This activity teaches people to recognize how different audiences can interpret language and microaggressions. It teaches people to understand the implications of their speech. Using two versions of the worksheet provides more examples for students to consider, but the activity works equally well with either version.
Participants will learn to identify microaggressions and will be able to reflect on how they can modify questions or comments in ways that are less likely to reflect stereotypic assumptions and beliefs.
This activity works best with a group size of 30 or fewer, but could be modified for larger group by having participants work in groups. For larger groups, the facilitator can rotate among the groups during discussion and/or have assistants facilitate discussion in the smaller groups.
This activity will be more effective if the facilitator first defines microaggressions and provides examples of how they operate. Then, pass out the worksheets so that different groups have different versions of the activity (there are five possible versions). Ask students to follow the provided instructions. Students then answer the discussion questions and discuss them in small groups or as a whole class. A sheet with suggested interpretations, possible intent, and possible impact is also provided for Instructor use. We thank Angela Linse, Executive Director and Associate Dean of the Schreyer Institute for Teaching Excellence at Pennsylvania State University for creating this list, for suggesting additional microaggressions, and for providing other feedback on this activity.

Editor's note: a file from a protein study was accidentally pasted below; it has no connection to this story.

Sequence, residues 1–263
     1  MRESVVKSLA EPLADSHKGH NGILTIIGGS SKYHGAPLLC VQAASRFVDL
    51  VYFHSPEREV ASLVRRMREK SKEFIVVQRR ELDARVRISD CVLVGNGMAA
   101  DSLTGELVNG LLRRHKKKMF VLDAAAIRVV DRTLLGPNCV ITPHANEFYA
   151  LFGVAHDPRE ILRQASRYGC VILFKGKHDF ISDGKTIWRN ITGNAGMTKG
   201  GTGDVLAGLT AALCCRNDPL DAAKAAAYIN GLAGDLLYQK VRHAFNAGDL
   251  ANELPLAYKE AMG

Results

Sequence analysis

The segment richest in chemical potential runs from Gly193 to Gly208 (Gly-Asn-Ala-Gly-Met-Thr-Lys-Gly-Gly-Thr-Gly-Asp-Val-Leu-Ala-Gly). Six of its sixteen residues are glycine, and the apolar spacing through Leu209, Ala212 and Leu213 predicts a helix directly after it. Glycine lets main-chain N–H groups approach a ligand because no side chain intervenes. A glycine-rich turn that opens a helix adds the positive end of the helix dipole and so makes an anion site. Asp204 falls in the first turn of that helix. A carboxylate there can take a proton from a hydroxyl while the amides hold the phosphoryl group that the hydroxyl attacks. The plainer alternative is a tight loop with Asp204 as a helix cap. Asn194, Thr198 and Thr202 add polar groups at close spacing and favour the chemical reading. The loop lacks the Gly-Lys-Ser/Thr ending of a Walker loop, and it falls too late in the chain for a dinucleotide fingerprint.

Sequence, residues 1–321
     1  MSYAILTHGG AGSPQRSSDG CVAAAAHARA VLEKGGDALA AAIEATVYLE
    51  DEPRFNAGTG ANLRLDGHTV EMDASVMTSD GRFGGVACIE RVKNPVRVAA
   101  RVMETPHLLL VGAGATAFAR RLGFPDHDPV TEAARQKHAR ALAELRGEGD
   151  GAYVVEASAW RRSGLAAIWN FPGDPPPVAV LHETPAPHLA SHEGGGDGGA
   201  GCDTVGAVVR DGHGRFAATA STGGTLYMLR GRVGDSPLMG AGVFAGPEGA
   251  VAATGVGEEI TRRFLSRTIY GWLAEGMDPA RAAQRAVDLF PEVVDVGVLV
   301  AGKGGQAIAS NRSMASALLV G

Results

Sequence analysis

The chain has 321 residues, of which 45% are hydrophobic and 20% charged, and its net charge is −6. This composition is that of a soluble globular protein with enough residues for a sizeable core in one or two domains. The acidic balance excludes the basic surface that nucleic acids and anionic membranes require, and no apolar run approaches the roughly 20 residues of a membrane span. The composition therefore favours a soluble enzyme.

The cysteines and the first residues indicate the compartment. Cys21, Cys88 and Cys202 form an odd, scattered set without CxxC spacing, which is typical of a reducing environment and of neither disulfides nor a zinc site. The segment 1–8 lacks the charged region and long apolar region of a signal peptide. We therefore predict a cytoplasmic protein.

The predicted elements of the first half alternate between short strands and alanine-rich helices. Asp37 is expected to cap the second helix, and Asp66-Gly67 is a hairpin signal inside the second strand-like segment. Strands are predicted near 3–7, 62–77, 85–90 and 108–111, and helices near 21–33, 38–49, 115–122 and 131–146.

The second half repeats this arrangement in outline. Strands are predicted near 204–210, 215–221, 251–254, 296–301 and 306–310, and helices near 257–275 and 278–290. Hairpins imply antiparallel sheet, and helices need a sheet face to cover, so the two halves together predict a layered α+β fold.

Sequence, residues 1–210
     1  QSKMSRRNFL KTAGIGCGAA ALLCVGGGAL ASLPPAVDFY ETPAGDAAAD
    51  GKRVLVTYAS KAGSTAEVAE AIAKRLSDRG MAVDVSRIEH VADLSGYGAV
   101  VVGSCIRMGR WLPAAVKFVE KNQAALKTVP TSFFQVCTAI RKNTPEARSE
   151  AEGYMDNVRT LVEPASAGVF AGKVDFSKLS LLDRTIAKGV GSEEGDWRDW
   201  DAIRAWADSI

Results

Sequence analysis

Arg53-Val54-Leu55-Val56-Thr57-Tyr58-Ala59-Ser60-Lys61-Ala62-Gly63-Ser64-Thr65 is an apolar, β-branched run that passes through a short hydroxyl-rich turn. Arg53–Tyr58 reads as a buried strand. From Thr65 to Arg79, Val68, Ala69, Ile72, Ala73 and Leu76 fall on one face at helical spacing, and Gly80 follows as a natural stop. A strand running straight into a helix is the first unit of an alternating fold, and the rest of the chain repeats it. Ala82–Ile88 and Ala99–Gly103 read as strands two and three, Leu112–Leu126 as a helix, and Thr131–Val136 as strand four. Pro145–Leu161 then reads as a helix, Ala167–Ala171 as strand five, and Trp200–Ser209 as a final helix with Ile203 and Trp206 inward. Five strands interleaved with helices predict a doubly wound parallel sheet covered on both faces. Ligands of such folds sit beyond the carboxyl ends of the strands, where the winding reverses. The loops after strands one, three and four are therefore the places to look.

- Instructions and Discussion Questions
- Version A
- Version B
- Version C
- Version D
- Version E
- Instructor/Facilitator Information